We live in a cynical age, one flooded with distractions of our own making and by blowhards in Washington manipulating, yes, cynically, what we’re paying attention to and what we’re not.
October on Shelter Island comes upon us quietly every year, an agreeable distraction at first, but then we realize it has become more than simply a shift in the weather.
Out for a walk or a drive, we see great estates looming high over Peconic Bay are now almost all mothballed for the season, and some days the light glinting through the trees has become refined, highly polished, scoured clean and almost hallucinogenic, providing fragility to things as rooted and ancient as stone.
The wide bays are mostly empty these days, with just the passing gull in full cry overhead to keep us company.
You see — or rather, feel — what Seamus Heaney meant when he wrote of an autumn day near the water “when the wind/And the light are working off each other … You are neither here nor there,/ A hurry through which known and strange things pass …”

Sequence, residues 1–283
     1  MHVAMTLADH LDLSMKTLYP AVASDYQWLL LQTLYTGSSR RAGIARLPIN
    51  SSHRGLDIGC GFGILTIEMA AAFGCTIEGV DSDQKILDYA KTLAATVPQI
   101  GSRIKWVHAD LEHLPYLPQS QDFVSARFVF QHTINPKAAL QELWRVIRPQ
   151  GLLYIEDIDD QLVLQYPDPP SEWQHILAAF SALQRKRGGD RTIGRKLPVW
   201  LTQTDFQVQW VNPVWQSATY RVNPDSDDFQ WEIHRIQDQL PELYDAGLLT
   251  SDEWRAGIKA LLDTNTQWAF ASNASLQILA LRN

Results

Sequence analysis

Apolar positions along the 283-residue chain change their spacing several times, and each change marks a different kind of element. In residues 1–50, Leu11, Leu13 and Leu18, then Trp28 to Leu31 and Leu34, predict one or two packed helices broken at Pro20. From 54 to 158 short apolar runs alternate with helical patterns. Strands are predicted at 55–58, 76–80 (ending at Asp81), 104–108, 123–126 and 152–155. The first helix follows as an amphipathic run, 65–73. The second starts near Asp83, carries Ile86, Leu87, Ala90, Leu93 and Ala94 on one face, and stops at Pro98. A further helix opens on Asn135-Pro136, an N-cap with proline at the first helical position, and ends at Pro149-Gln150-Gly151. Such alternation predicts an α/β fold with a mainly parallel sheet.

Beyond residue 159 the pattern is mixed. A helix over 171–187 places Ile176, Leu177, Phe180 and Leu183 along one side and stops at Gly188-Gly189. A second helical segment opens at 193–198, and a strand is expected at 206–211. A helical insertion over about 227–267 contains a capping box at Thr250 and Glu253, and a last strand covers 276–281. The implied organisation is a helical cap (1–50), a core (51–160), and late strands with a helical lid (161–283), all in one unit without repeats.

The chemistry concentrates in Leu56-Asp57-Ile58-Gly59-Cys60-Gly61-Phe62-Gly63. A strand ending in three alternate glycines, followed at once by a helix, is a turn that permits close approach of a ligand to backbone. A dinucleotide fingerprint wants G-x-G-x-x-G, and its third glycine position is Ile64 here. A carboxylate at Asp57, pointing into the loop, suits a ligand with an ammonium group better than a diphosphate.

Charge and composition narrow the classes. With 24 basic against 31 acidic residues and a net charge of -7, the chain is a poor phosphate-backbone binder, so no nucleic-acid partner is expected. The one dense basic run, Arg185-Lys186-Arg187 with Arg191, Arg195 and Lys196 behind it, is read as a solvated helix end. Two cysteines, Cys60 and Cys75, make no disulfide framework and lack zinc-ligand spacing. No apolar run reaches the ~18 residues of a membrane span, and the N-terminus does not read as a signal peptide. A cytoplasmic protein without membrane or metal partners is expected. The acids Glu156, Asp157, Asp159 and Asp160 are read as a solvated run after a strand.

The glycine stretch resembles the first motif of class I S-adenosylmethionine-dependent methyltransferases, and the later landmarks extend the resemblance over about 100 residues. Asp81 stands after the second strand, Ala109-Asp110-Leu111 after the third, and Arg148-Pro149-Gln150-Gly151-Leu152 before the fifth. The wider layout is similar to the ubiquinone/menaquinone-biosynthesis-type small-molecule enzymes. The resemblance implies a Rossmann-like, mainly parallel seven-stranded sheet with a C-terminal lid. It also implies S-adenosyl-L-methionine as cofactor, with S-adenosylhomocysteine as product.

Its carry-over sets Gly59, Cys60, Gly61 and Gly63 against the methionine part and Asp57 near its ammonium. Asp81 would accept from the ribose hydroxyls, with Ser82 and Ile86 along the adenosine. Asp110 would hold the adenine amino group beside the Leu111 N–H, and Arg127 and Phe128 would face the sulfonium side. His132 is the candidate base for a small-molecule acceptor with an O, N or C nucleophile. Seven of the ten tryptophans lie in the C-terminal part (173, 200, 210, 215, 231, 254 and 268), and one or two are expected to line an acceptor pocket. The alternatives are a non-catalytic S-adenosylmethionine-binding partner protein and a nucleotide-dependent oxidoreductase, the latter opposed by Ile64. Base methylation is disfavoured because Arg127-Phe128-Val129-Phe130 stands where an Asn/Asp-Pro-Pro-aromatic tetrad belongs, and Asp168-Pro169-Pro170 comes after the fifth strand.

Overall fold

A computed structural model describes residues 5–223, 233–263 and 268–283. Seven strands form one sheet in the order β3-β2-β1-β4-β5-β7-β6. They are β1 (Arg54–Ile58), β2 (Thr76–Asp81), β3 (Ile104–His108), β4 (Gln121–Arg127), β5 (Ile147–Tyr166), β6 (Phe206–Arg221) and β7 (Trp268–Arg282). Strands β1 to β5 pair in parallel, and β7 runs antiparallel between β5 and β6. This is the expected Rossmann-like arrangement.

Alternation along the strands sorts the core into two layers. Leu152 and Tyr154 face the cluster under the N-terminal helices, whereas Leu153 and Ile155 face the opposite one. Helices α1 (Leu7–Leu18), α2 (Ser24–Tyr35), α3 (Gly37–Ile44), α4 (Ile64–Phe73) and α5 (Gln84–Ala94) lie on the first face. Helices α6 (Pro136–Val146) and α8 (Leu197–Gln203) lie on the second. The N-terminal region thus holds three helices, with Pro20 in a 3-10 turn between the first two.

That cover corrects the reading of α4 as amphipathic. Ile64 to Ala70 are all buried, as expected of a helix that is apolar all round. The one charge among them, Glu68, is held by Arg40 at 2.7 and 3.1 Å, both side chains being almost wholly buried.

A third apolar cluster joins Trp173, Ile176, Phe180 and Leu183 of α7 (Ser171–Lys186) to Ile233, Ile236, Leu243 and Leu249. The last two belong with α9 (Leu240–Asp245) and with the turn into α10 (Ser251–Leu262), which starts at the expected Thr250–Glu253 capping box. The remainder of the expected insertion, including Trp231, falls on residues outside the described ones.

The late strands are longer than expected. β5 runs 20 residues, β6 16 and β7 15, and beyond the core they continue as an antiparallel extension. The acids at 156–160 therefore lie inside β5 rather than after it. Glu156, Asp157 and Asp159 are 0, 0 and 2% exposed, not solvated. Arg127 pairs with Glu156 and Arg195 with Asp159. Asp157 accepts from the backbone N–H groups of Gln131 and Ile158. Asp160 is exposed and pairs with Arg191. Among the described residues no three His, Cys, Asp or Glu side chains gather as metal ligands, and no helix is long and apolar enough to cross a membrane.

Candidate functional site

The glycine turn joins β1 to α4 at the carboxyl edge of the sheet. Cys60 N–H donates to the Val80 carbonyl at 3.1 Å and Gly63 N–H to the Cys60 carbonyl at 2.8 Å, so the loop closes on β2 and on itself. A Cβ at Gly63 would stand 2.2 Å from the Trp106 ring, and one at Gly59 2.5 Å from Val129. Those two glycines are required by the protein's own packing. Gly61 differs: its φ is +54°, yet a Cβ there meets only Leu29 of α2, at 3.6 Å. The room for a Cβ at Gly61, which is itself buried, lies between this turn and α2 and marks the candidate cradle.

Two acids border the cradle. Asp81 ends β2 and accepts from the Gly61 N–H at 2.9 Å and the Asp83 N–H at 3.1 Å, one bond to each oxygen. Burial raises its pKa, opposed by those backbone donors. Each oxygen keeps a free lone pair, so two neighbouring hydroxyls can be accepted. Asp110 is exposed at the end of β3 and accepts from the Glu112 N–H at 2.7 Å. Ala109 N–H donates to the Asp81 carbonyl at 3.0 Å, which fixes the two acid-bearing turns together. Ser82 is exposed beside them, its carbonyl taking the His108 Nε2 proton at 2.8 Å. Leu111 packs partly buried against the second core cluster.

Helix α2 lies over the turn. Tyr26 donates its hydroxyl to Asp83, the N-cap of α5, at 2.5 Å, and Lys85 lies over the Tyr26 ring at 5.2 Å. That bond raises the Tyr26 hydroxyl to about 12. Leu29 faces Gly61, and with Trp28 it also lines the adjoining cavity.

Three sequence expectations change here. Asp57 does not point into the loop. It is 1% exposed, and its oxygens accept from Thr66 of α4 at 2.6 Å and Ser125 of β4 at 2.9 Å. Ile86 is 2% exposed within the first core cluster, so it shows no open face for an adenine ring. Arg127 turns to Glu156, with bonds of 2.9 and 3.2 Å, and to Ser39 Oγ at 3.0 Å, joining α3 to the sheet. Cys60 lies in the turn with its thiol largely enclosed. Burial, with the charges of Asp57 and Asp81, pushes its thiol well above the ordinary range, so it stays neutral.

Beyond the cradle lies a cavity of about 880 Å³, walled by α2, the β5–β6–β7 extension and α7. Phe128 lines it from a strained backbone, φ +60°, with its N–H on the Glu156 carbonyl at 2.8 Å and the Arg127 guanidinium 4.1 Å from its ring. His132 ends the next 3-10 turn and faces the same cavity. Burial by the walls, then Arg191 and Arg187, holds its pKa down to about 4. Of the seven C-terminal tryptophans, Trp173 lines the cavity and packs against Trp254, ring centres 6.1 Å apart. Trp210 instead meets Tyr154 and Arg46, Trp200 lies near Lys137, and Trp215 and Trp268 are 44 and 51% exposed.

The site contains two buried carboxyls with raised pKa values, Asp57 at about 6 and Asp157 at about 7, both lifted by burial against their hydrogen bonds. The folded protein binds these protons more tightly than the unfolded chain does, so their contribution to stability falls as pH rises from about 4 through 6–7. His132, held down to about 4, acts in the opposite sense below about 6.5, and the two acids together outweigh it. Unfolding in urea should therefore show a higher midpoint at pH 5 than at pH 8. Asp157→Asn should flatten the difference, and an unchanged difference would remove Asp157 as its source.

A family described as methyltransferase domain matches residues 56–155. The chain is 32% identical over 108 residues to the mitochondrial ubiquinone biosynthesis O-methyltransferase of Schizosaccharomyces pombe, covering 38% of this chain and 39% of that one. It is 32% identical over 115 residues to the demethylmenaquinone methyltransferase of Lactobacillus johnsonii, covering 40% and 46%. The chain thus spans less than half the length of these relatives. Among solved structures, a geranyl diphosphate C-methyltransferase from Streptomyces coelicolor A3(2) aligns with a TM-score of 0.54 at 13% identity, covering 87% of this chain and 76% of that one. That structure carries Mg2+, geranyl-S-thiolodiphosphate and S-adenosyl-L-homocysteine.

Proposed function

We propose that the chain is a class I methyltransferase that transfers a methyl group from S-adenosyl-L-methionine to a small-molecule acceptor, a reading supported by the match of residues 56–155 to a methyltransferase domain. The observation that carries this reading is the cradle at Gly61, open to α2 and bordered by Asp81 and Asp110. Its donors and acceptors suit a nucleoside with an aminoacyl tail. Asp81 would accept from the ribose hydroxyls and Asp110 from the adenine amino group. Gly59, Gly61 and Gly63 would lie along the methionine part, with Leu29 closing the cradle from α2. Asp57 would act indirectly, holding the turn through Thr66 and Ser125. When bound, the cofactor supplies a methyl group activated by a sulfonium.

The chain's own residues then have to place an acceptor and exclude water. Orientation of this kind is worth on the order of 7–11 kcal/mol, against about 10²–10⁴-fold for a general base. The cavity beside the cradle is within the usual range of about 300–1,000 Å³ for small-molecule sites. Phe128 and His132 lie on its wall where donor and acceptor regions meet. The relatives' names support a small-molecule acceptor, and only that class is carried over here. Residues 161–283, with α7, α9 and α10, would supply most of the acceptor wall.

For many, October brings on a heightened sense of nostalgia, and its close relative, melancholy. Melancholy, conventional thinking goes, is an unhealthy mental condition or symptom, since we should be jolly, or striving to attain that state.
People in this camp are blind to the fact that an endless appetite for cheeriness is itself a form of madness.
An October sense of melancholy is not a symptom of anything. It’s a gift, a state of sweetened sorrow, and a reflection on things that haunt but don’t frighten us.
Melancholy isn’t grumpiness, world weariness or dwelling on the downside of everyday life, but usually a case of loving the world not wisely but too well.
Perhaps because of that conspiracy of clarified light and wind the poet writes about, a quiet October day here brings on a sense of something deeper and more important than the tragic or trivial events of the day.
Shelter Island lives up to its name, especially, it seems, in October, when we can feel safe during beautiful days and nights to take our time discovering what’s important, and to face, with a minimum of distractions, a world that seems at times to have gone haywire.